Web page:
This is why the first reading goes into detail about God not being in the strong winds, earthquake, fire. The reading is making it clear that the one God does not depend on His creation to introduce Him. Nature is not an opening act for God. Atheists often believe Christians think God is literally behind every natural phenomenon. This is the “god of gaps” fallacy. Anyhow, God is present in the silent whisper completely contradicting what the Canaanites believed in regards to how a god manifests himself. So the first reading reminds us that God is God and doesn’t need nature to manifest Himself. It reminds us that God will not always be so obvious. We have to be patient and wait in silence to hear that “soft whisper.”
In the responsorial Psalm, calls us to seek God; reminding us that He is kind and brings salvation. This Psalm is of course a parallel to the first reading because the Israelites were forgetting the one true God in favor of the gods of the Canaanites. We cannot forgot the one true God by replacing Him with the false gods or idols of today. These false gods may sometimes come into our lives like a strong wind, earthquake and fire causing us to believe in them more that in the true God in the “soft whisper.” The second reading reminds us that Christ comes from the Israelites. He is the fullness of the faith given to the Israelites which we read about in the Old Testament or Hebrew Scriptures. The many laws, journeys and covenants the Israelites received were in preparation for Jesus Christ who fulfills the law, covenant and brings meaning to the suffering of the Israelites and all of us today.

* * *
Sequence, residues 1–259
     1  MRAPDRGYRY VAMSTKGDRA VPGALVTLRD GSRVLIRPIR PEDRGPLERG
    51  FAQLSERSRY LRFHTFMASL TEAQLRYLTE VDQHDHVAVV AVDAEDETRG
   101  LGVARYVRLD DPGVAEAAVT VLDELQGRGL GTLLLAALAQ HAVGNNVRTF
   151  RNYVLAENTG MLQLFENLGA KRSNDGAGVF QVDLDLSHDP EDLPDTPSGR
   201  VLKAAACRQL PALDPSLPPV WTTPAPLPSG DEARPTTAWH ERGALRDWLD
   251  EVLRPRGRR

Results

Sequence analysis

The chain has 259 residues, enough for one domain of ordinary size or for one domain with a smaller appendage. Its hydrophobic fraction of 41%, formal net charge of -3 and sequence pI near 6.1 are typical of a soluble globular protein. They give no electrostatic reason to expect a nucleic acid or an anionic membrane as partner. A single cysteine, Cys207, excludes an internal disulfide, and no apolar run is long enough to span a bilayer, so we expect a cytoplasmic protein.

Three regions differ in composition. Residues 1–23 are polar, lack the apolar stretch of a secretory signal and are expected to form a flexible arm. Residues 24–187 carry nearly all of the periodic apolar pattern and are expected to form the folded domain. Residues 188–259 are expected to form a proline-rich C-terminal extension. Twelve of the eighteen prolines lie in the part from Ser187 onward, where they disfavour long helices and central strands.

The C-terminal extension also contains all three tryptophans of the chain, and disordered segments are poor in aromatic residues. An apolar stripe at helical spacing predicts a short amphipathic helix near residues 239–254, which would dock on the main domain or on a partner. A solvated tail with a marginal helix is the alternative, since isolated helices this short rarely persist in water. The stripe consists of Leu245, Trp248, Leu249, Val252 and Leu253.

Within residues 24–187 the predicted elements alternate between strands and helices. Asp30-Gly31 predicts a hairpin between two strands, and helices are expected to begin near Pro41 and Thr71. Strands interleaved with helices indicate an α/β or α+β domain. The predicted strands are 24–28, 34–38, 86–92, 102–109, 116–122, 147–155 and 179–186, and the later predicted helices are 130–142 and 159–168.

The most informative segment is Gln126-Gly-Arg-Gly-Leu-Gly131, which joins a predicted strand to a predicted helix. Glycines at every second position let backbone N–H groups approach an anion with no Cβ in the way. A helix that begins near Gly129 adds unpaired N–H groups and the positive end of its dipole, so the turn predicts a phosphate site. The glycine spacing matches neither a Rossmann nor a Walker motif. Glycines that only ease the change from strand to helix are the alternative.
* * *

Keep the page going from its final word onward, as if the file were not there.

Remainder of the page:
Finally in the Gospel, we are told of more natural phenomenon which is connected to the first reading. This Gospel account continues from the feeding of the large crowd in last Sunday’s reading. It tells us that Jesus told the disciples to get into a boat as He went up on a mountain to pray by Himself all the way till the evening. At the same time, the disciples were miles away on the boat and a storm approached causing the boat to rock to and fro. Jesus then approached them walking on the water. At first, they didn’t know it was Jesus. They thought it was a ghost and were scared to death. Jesus spoke to them and told them not to be afraid. This is when they realized it was Him. Peter, being a skeptic wanted to make sure. He asks Jesus to verify if it’s really Him by asking Jesus to command him to go to him on the water. So Jesus naturally said, “come.” Peter got out of the boat and started to walk on the water towards Christ. However, when Peter realized how strong the wind was while the waves were crashing all around him, he got scared and panicked. Immediately, Peter began to sink and shouted to Jesus to save him. Jesus reached His hand out to Peter and told him, “O you of little faith, why did you doubt?” Jesus then joined them and the disciples realized that this Jesus guy was no joke. He was the real deal, so to speak.